Behind Red Green is a projection of an emblem that says the “International Possum Brotherhood” and resembles the group of members of POSSUM LAKE who partook in meetings at Possum Lodge at the Algonquin Commons Theatre on Oct. 18.

The “I’m not Old I’m Ripe,” tour landed at Algonquin for its 77th live performance with an almost maxed out crowd of just under 700 people.

Not only did the audience feel part of Green’s so-called group meeting, but the laughs were created from Red Green’s relatable material – as most of the audience members were people over 50 or students that came with their family.

Brandon Tkakuk, a welding and fabrications techniques student, decided to buy tickets for his father Troy to see the show with him for his birthday. “He’s just a Canadian classic, we’ve watched his show for years, and he’s just a great wholesome Canadian,” said Troy Tkakuk.

The Red Green Show appeared on CBC television from 1991 to 2006, and was an outdoors, do-it yourself parody with a group of men who liked fishing and using duct tape.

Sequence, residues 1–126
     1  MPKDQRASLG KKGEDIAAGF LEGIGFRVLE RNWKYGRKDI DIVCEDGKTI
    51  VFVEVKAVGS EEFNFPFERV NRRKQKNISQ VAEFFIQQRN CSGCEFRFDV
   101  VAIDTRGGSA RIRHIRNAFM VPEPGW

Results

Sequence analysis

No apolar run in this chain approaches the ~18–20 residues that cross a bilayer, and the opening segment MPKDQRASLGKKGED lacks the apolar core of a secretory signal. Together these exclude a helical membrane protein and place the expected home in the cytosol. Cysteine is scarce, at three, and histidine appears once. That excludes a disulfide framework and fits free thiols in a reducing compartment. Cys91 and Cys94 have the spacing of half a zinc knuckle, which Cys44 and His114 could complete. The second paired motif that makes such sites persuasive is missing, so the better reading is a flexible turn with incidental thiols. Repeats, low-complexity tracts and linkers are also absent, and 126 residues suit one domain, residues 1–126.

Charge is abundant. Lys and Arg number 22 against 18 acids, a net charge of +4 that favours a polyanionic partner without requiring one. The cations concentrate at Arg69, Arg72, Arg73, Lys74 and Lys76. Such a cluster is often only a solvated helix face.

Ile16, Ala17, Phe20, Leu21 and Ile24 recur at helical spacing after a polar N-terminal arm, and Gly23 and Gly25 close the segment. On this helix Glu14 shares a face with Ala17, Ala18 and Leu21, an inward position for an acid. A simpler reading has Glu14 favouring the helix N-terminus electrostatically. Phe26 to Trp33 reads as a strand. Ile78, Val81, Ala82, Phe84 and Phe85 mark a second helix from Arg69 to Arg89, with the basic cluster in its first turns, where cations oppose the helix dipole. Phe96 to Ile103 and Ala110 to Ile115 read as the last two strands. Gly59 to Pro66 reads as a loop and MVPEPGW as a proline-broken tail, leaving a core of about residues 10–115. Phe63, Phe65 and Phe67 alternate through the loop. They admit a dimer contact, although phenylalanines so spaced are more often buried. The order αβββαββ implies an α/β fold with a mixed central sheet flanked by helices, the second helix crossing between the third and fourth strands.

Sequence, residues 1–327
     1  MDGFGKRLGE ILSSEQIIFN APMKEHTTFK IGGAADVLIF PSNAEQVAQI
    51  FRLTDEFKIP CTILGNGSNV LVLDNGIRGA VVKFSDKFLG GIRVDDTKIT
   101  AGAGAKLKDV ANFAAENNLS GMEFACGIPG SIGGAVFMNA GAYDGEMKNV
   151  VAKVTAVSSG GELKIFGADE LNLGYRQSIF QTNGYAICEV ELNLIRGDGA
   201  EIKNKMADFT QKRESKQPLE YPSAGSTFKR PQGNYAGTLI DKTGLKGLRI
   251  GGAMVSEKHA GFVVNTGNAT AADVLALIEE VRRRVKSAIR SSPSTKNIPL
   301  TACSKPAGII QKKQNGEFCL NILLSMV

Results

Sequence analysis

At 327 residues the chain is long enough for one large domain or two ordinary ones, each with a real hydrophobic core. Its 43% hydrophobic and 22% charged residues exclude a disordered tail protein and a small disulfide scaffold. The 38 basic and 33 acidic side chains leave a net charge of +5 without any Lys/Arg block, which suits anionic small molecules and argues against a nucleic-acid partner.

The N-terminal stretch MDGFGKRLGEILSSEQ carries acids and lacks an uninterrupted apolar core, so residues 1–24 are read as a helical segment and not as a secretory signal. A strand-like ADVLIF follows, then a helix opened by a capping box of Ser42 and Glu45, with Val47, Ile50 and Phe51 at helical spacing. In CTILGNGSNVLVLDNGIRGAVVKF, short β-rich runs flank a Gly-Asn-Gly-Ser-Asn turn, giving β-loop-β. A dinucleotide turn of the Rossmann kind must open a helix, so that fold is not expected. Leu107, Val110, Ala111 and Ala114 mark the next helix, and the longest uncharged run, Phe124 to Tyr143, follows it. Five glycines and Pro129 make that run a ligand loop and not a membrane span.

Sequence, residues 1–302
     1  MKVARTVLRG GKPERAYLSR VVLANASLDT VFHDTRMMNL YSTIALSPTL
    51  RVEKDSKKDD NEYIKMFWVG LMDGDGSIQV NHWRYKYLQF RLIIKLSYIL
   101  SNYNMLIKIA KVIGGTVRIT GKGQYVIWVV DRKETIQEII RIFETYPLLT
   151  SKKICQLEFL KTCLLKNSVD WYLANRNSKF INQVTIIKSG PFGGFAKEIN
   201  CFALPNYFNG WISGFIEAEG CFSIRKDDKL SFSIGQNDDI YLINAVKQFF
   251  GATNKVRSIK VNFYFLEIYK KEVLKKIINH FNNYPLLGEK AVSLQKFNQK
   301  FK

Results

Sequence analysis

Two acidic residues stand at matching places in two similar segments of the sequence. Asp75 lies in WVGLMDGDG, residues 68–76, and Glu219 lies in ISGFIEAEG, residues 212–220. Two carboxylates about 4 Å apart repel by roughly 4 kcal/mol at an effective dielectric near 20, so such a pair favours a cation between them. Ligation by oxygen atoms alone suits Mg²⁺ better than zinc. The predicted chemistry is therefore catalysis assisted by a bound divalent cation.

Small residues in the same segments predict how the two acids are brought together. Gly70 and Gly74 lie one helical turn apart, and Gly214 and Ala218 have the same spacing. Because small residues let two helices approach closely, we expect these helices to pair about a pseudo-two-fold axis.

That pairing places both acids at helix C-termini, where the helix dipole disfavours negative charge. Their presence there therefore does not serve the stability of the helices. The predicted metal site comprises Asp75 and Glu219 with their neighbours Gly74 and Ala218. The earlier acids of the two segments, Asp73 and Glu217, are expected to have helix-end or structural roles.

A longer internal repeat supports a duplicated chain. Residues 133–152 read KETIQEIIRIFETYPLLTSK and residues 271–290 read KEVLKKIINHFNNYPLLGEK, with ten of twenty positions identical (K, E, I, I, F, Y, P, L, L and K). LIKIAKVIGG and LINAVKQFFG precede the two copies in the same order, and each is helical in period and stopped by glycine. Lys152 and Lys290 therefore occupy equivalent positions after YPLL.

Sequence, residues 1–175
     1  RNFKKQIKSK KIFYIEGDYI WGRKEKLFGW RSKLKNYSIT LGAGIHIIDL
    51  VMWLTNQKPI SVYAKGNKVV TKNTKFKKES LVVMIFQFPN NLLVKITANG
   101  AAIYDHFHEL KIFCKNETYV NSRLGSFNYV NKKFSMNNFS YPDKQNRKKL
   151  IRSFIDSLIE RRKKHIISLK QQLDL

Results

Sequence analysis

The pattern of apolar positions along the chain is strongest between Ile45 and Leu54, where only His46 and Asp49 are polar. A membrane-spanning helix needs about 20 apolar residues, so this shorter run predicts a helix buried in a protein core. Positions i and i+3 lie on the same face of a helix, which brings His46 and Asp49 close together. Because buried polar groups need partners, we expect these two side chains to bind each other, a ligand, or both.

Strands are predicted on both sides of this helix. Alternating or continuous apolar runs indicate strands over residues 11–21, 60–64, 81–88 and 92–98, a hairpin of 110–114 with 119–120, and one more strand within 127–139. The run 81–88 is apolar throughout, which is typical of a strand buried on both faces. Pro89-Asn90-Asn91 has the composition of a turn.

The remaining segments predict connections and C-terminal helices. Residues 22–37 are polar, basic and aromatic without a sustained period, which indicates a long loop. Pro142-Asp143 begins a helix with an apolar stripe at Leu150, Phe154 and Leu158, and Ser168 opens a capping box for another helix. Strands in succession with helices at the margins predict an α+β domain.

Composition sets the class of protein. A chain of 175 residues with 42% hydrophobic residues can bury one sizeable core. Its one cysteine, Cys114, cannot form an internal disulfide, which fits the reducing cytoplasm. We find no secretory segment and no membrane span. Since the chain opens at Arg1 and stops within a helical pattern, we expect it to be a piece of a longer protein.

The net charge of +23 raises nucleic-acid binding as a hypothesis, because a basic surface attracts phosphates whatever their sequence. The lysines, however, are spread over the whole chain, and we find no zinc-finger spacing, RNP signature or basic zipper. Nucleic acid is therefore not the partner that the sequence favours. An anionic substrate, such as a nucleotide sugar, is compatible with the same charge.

The show at the college was like watching TV again when you were younger again, except this time Green, played by longtime Canadian comic Steve Smith, was older (he’s 70 in real life). And he embraced the change.

“It’s not easy getting old, you old guys know that. I find the joints don’t do as well as they use to,” he told the crowd. “I bet the guy that made Wizard Of Oz got the idea of the tin man from watching an old guy getting out of his car.”

And the old people problems didn’t stop there. During Green’s performance, he also described to the audience why babies are living the life old guys like him can only dream about.

“I’ll skip the obvious,” he said. “You don’t have to do anything, you don’t have to talk to anybody, somebody dresses you, somebody feeds you, somebody baths you and rubs you down with oil.”

And the list went on.

“Nobody gets mad when you fall asleep on the couch, you never have to pay for anything, nobody makes fun of you for not having teeth, women you don’t even know look at you like they like you and you don’t even have to go to a bar to pick them up. Just lie in your carriage and they’ll pick you up,” Green said.

The show went on with jokes about his wife, the differences between when men shop and when women shop, and reasons while IT people will never be better than a handyman.

Green interspersed his 90-minute monologue with videos lampooning his brand of handyman wisdom and had the audience help him conclude the show by having them repeat his well-worn mantra:

“If women don’t find you handsome, they can sure find you handy,” he said, as he finished up his live performance – a line that will never get old, if not ripe.